Hero Who Hid Jewish Children in Laundry Baskets from Nazis Dies at 107


A heroic man who hid Jewish children in laundry baskets in Amsterdam from Nazis has died at age 107.

Johan van Hulst, a Dutch seminary leader and later a politician, died March 22, the Daily Mail reported.

Hulst was honored as a Righteous Among the Nations in 1972, an award that is given to non-Jews who heroically rescued Jews during the Holocaust.

The former Protestant seminary leader rescued at least 600 Jewish children from being deported to Nazi death camps.

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Hulst used an “ingenious system” to hide young Jews, most under the age of 12, in laundry baskets and sacks across the city.

Nazis kept Jewish families in a nursery school across the street before being deporting them to death camps. If there were too many children, Nazis would separate them from their parents and put them in Hulst’s school prior to deportation.

The brave Hulst resisted the Nazis by writing down fewer children than SS Guards originally believed were at the school. He would use his system to save the Jewish children by having his helpers smuggle them to different houses and pretending that they were their own children, The Times of Israel reported.

Hulst successfully skirted the Nazis until one of his collaborators revealed the scheme and he was forced to go into hiding in 1945.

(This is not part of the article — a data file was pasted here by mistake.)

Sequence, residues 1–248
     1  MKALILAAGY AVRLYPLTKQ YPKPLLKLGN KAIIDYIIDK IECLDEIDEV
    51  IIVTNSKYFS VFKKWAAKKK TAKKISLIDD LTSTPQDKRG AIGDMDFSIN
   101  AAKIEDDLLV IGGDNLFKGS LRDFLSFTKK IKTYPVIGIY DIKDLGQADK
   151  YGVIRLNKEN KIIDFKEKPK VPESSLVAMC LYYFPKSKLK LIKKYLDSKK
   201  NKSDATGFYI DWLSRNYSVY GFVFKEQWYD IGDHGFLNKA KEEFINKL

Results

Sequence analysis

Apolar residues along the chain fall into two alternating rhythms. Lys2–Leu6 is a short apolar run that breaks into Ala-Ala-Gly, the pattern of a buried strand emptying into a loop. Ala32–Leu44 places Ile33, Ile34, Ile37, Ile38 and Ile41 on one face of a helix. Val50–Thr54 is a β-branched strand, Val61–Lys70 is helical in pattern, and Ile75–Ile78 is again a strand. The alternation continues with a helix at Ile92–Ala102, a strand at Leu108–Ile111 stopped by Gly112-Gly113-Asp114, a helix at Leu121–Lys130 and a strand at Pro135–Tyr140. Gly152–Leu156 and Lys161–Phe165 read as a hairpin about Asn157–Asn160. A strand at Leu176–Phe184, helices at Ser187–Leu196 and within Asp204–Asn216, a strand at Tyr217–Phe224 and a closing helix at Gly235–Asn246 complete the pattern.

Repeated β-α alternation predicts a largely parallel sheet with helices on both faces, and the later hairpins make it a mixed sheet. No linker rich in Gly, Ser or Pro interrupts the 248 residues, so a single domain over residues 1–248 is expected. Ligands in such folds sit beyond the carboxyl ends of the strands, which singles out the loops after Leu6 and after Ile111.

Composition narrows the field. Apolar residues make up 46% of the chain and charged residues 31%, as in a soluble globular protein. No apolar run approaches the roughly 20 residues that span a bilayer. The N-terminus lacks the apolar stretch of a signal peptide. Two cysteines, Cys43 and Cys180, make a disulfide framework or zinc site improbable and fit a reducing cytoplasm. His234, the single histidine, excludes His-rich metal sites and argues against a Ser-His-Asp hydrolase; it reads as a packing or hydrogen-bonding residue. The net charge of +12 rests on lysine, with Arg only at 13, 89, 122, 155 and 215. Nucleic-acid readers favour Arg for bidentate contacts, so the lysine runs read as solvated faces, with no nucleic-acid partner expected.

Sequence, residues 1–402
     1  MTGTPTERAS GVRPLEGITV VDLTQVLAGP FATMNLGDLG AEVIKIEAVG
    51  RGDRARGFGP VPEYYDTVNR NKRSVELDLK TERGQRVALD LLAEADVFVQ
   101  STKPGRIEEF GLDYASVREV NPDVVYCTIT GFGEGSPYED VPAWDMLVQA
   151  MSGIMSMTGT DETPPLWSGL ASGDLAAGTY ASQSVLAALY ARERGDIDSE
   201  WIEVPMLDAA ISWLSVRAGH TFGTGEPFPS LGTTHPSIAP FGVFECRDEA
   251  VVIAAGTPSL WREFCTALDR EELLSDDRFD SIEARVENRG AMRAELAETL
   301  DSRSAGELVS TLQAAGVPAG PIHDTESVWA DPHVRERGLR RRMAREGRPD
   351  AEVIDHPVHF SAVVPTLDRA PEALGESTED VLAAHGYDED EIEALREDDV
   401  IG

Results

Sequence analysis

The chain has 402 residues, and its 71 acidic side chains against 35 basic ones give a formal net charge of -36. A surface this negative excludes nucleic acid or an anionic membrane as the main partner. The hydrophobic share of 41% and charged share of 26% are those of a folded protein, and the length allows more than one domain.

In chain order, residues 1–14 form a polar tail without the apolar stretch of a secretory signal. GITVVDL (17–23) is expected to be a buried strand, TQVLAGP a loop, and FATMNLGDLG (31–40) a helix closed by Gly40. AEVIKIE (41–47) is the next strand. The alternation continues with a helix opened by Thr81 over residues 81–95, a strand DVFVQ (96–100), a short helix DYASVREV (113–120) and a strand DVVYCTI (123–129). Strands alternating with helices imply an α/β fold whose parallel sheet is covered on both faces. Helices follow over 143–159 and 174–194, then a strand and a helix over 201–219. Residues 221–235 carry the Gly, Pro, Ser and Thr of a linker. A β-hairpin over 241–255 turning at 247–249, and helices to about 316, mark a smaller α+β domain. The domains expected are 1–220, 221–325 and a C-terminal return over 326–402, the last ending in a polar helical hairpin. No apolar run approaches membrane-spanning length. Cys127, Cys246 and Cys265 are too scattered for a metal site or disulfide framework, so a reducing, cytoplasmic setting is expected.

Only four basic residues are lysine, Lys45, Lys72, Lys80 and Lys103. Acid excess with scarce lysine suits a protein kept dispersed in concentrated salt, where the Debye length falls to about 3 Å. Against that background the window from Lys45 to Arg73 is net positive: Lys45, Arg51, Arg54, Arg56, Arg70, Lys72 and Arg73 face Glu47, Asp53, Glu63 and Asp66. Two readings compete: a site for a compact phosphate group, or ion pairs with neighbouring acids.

After the war, Hulst became a politician, serving as a senator for the Christian Democratic Party from 1956 to 1981.

“We say, those who save one life save a universe. You saved hundreds of universes,” Israeli Prime Minister Benjamin Netanyahu told Hulst during a trip to the Netherlands in 2012. “I want to thank you in the name of the Jewish people, but also in the name of humanity.”

Hulst said he felt that he didn’t do enough to deter the Nazis and rescue Jews.

“I actually only think about what I have not been able to do — to those few thousand children that I could not have saved,” he said in 2015.

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The Netherlands is second to only Poland in the number of heroic people honored as Righteous Among the Nations, with more than 5,000.

A version of this article previously appeared on The Daily Caller News Foundation website.

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